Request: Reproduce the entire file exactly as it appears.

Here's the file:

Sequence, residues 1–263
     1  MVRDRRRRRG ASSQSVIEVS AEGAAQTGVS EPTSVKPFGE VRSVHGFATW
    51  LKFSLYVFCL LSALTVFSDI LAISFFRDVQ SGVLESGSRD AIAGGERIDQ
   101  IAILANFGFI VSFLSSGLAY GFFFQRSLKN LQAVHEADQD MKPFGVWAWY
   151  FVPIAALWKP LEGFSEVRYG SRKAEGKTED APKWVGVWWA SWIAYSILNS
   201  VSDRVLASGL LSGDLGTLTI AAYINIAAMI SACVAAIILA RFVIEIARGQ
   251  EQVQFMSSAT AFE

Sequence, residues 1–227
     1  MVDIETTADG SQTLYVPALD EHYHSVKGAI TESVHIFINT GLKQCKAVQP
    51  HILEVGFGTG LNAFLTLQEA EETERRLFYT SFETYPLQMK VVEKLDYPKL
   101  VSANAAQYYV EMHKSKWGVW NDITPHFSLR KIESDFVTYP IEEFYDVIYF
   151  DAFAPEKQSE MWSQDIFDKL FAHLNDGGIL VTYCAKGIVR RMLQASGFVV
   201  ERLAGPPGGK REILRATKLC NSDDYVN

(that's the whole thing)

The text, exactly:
Sequence, residues 1–263
     1  MVRDRRRRRG ASSQSVIEVS AEGAAQTGVS EPTSVKPFGE VRSVHGFATW
    51  LKFSLYVFCL LSALTVFSDI LAISFFRDVQ SGVLESGSRD AIAGGERIDQ
   101  IAILANFGFI VSFLSSGLAY GFFFQRSLKN LQAVHEADQD MKPFGVWAWY
   151  FVPIAALWKP LEGFSEVRYG SRKAEGKTED APKWVGVWWA SWIAYSILNS
   201  VSDRVLASGL LSGDLGTLTI AAYINIAAMI SACVAAIILA RFVIEIARGQ
   251  EQVQFMSSAT AFE

Sequence, residues 1–227
     1  MVDIETTADG SQTLYVPALD EHYHSVKGAI TESVHIFINT GLKQCKAVQP
    51  HILEVGFGTG LNAFLTLQEA EETERRLFYT SFETYPLQMK VVEKLDYPKL
   101  VSANAAQYYV EMHKSKWGVW NDITPHFSLR KIESDFVTYP IEEFYDVIYF
   151  DAFAPEKQSE MWSQDIFDKL FAHLNDGGIL VTYCAKGIVR RMLQASGFVV
   201  ERLAGPPGGK REILRATKLC NSDDYVN